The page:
A facelift, or rhytidectomy, is a cosmetic surgical and non-surgical procedure designed to combat visible signs of aging on the face to give it a more youthful appearance. It is a popular procedure in the U.K. particularly among women, who account for 93% of all facelifts performed in the country in 2017.
As humans age, their skin gradually lose elasticity. The facial tissues under the skin will also slowly lose their volume. Over time, the body will compensate for the changes by creating wrinkles around high movement areas (around the eye and forehead), jowls and fat deposits on the lower face, and loose skin behind the ears and on the neck.
Many will become self-conscious over the changes to their face, which will cause myriad mental and psychological effects, including loss of confidence and body image issues. The effect can also negatively affect personal, social and professional relationships.
Since there is only so much that makeup and hairstyles can do, a facelift may be the only viable alternative for some women.
Before and After, Facelift (eyebrows elevation, eyelid operation and lips rejuvenation). Image courtesy of Wikimedia Commons.
Successful facelifts can trigger a sudden boost in self-confidence, sense of well-being and energy. However, which types of facelifts should you choose?
The deep plane lift is the best, most comprehensive and most expensive form of facelifts. It is designed to improve the appearance of people whose face suffers from extreme facial sagging, wrinkles and large deposits of fat.
The result of a deep plane lift is quick and dramatic, particularly in the mid-face region. In extreme cases, patients sometimes become unrecognisable except to family members and close friends. Hollywood actress Renee Zellweger’s dramatic facial change is a good example of this (although she strongly denies any suggestion of cosmetic surgery).
Although it is an expensive procedure (upwards of £10,000 at reputable clinics), the effect can last for up to 15 years, which makes it a cost-effective investment to many.
A superficial musculoaponeurotic system (SMAS) lift focuses on the top layers of skin and the tissues immediately below them, mainly around the middle to lower face and neck areas. The procedure is performed through an incision made at the hairline. Cosmetic surgeons will use the incision to remove excess tissues and redundant skin. SMAS lifts are targeted for patients with mild to medium aging symptoms.
Short scar facelifts is a term used to describe a broad range of lifts made through small incisions made at multiple locations around the face. The most frequent type of incisions are the S-shaped and cranial suspension lift (MACS), which are typically made just in front of the ear or at the temple. The procedure is used to resolve minor issues such as isolated wrinkles and deep smile or frown lines.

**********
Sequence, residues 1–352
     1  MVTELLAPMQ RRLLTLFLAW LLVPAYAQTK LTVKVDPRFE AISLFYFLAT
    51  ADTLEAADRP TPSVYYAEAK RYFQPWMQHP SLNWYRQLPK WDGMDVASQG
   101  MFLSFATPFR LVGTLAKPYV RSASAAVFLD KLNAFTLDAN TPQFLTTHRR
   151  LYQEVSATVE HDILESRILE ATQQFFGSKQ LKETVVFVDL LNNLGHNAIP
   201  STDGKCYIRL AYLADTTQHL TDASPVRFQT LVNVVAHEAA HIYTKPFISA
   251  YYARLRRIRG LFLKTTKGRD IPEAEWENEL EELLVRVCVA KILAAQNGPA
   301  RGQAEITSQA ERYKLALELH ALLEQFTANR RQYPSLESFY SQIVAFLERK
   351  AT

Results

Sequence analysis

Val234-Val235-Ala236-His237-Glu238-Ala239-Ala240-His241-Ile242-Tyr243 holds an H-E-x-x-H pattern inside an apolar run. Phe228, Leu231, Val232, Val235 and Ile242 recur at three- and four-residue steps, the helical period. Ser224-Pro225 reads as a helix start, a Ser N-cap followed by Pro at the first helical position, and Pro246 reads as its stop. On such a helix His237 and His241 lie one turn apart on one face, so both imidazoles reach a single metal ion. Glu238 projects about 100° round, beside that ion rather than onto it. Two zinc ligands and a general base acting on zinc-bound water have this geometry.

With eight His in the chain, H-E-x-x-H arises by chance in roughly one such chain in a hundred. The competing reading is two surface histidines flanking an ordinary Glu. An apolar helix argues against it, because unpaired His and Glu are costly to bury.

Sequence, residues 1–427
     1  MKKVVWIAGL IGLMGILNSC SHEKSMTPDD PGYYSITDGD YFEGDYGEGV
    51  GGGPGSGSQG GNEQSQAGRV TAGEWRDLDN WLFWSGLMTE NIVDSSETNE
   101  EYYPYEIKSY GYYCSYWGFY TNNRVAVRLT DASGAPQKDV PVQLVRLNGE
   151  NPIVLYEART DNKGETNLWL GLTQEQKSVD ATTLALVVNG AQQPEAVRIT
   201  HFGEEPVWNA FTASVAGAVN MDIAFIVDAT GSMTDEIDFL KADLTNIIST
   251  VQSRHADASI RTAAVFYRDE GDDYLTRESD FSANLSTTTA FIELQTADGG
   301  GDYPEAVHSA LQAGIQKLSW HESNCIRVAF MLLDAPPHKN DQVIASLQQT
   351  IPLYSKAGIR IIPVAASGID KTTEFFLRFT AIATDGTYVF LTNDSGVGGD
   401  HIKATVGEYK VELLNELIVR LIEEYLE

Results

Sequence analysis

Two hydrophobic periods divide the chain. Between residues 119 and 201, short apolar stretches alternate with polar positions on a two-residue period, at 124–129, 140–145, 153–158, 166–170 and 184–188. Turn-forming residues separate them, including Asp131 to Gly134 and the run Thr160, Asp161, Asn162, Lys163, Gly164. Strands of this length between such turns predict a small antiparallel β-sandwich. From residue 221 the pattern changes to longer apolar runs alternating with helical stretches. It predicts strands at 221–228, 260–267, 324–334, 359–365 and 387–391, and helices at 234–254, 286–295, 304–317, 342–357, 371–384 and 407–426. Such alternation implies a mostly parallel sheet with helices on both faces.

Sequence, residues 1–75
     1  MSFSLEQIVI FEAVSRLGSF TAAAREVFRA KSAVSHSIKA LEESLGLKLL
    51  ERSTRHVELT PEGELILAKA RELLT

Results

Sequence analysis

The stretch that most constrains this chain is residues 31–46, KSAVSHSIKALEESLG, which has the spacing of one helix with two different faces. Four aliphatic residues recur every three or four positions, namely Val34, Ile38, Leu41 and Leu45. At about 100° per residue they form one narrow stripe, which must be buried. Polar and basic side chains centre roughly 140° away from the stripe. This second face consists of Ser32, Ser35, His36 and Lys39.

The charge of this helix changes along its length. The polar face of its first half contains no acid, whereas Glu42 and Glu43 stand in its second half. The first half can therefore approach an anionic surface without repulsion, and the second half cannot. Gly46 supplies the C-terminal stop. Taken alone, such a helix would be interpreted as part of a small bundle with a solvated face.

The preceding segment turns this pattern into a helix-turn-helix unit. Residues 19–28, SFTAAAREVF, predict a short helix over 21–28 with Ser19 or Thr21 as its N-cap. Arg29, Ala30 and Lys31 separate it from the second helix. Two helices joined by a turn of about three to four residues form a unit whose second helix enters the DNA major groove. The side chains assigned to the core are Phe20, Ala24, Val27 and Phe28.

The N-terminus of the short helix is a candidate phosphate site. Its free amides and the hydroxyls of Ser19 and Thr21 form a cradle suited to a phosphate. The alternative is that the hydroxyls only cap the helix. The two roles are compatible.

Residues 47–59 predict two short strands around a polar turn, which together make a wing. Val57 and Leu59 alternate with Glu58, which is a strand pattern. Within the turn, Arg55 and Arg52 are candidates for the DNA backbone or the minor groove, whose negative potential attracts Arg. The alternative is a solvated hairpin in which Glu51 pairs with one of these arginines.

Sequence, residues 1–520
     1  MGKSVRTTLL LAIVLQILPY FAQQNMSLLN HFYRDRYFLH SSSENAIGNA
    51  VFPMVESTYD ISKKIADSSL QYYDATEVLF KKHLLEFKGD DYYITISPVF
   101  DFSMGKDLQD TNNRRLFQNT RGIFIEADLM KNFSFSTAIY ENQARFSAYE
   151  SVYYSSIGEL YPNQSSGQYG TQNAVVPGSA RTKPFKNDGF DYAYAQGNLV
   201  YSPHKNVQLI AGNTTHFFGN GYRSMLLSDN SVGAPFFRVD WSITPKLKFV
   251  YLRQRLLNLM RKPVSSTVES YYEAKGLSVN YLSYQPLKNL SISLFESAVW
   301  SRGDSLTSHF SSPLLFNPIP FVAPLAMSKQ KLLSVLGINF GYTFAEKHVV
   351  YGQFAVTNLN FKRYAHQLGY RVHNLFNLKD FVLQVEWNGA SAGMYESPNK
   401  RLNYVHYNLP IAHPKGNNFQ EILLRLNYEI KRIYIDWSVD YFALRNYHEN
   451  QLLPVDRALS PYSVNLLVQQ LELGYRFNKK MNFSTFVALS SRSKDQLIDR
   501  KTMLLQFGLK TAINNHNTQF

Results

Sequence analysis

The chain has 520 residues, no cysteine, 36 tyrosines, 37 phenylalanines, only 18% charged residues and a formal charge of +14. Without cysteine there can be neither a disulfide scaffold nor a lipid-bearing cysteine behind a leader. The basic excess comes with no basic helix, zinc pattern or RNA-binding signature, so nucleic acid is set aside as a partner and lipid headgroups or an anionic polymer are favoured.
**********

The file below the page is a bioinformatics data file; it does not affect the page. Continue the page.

Endoscopic facelifts is a complicated and expensive procedure with very limited returns. Multiple incisions are made on the patients face to allow tiny cameras to be inserted under the skin. They will then be remotely manipulated to take and transmit video images of the patient’s internal facial structure to an external monitor. Armed with this information, cosmetic surgeons will be able to perform cheek lifts.
The midface lift targets the middle third of a patient’s face. The procedure is effective at lifting sagging cheeks and restoring nose to mouth tightness.
This is a relatively new non-invasive procedure which involves injecting stem cells, harvested from fat cells, into sunken and flat areas of the face such as cheeks, temples and lips. The procedure is significantly more expensive that traditional fat augmentation, while yielding almost similar short term results.
This non-surgical procedure involves manual injections of fillers made from collagens, sugar and hyaluronan. Dermal fillers are chiefly used to reduce wrinkling owing to their wrinkle-smoothing properties.
Fine thread contour (FTC) therapy is a non-invasive procedure used to tighten and lift sagging skin tissues by inducing the production of collagen in the body.
Facelifts, especially non-invasive ones, are very low risk procedures. Nevertheless, patients should be aware of possible complications that could arise from facelifts.
• Infection: Post-surgical wounds that are not looked after or exposed to the air can attract bacterial infections. Please ensure wounds are regularly dressed and kept dry.
• Hematoma: The most frequent post-operative complication is hematoma, or bleeding. It affects between 1 and 15% of patients, especially those suffering from high blood pressure.
• Nerve injury: Trained and licensed cosmetic surgeons are very aware of the risk of nerve injuries, both temporary and permanent, during surgery. This is why patients should never go to beauticians or unlicensed therapists for facelifts.
• Hair loss: Incisions made on the hair line can lead to permanent hair loss. Again, make sure the procedure is performed by a trained surgeon to minimise any potential risk. What’s the point in looking younger when you have small bald spots on your upper forehead?